Fiji aims to facilitate productive collaboration between biologists and computer scientists in order to solve complex image analysis problems associated with massive multi-dimensional imagery produced by modern microscopy technologies. In order to attract top-notch software developers and transfer innovative algorithms from the fields such as computer vision and signal processing, the Fiji team developed several powerful libraries (such as ImgLib) that simplify the process of transforming abstract ideas into usable programs capable of running on large bioimage datasets. These ‘under the hood’ improvements will hopefully make the platform more attractive to computer science professionals willing to take on the challenges posed by the biological image datasets.

The Fiji platform has over the past few years attracted a huge following and is used as an open source image analysis solution in most academic institutions around the world (current usage statistics indicate 25,000 users and 125,000 unique hits per month to the Fiji wiki; Figure 1c). The platform is open to collaborations with other similarly minded projects in the bioimage informatics field many of which are also highlighted in the Nature Methods focus (for review see Eliceiri et al. 2012). Fiji developers meet regularly for two weeks coding sprees called ‘hackathons’ and these events are increasingly attended by representatives of the other open source projects building bridges among them. Over time this collaborative culture will lead to better integration between the projects, each of which has its strengths and weaknesses, and benefit the biology community. Nevertheless, it will not happen without support from funding agencies and Institutions since even open source software development is not free and requires sustainable long-term support in the academic environment (see commentary by Cardona and Tomancak 2012)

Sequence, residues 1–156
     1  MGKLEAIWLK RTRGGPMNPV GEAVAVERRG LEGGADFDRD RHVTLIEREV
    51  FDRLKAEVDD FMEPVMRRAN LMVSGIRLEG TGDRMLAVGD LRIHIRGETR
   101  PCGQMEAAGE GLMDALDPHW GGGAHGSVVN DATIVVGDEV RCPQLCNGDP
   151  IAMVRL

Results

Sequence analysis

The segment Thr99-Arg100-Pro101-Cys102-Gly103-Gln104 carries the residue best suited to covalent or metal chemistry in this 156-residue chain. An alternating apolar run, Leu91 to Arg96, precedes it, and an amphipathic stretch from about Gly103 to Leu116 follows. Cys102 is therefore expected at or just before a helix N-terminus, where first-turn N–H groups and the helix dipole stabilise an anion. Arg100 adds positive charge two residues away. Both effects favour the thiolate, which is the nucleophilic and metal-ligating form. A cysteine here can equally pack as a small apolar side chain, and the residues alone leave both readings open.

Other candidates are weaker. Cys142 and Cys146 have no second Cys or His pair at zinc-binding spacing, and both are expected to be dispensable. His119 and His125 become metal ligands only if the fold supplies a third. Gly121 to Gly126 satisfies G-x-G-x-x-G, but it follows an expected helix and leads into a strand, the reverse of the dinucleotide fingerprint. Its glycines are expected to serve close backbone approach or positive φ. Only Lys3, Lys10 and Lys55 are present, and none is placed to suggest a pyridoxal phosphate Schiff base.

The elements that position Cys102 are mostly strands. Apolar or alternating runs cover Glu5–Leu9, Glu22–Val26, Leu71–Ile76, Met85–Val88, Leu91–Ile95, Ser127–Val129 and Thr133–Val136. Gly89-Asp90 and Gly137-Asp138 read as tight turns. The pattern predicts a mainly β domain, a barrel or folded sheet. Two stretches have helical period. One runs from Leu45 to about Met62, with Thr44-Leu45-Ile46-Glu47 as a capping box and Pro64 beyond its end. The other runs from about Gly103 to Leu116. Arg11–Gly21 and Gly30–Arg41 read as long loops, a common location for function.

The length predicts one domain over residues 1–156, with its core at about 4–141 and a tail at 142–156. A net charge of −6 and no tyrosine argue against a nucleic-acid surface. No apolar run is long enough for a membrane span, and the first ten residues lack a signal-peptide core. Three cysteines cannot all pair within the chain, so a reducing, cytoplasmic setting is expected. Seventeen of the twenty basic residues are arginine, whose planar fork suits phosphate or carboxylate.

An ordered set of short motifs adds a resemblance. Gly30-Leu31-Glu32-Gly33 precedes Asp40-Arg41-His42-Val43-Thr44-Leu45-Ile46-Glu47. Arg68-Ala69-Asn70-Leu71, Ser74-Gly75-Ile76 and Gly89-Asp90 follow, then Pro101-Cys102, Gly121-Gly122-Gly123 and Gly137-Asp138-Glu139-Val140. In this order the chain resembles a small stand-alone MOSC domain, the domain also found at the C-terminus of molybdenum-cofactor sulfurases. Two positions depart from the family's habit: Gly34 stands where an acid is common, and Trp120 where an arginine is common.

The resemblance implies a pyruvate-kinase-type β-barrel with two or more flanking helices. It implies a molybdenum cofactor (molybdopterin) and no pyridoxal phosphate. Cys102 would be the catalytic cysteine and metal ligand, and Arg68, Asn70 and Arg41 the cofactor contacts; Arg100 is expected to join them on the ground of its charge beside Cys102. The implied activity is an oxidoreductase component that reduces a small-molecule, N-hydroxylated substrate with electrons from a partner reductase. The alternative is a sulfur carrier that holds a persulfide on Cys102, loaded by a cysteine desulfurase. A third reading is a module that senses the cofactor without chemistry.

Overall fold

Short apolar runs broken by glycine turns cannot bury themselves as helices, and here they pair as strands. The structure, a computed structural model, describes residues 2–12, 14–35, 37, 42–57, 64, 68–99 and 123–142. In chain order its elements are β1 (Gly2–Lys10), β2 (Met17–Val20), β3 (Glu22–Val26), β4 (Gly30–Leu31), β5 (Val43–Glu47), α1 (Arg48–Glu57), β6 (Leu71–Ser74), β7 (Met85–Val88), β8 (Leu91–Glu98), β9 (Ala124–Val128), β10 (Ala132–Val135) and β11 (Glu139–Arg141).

Bioimage Informatics is a young field, but it is also dynamically growing and full of opportunities. Gene Myers one of the pioneers of bioinformatics sees a lot of parallels between the early days of sequence analysis and the current status of the bioimage analysis field (Myers 2012). Maybe it is time for some of bioinformatitions to jump the ship and apply their talents in the bioimage informatics area.

References

Fiji - an open source platform for biological image.  Schindelin J., Arganda-Carreras I., Frise E., Kaynig V., Longair M., Preibisch S., Rueden C., Saalfeld S., Schmid B., Tinevez J., Hartenstein V., Eliceiri K., Tomancak P., Cardona A. (2012) Nature Methods 9(7), 676-682 PMID: 2274772

Additional References

NIH Image to ImageJ: 25 years of image analysis.  Schneider C.A., Rasband W.S., Eliceiri K.W. (2012). Nature Methods 9, 671–675 PMID: none (Historical perspective).

Elastic Volume Reconstruction from Series of Ultra-thin Microscopy Sections. Saalfeld S., Fetter R., Cardona A., Tomancak P. (2012) Nature Methods 9(7), 717-720 PMID: 22688414.

Biological Imaging Software Tools. Eliceiri K. W., Berthold M. R., Goldberg I. G., Ibanez L., Manjunath B. S., Martone M. E., Murphy R. F., Peng H., Plant A. L., Roysam B., Stuurmann N., Swedlow J.R., Tomancak P., Carpenter A. E. (2012) Nature Methods 9(7), 697-710 PMID: 22743775.

Current challenges in open-source bioimage informatics. Cardona A., Tomancak P. (2012). Nature Methods 9(7), 661-665 PMID: 22743770.

Why bioimage informatics matters. Myers G. (2012) Nature Methods 9, 659–660 PMID: 22743769.

Pubmed link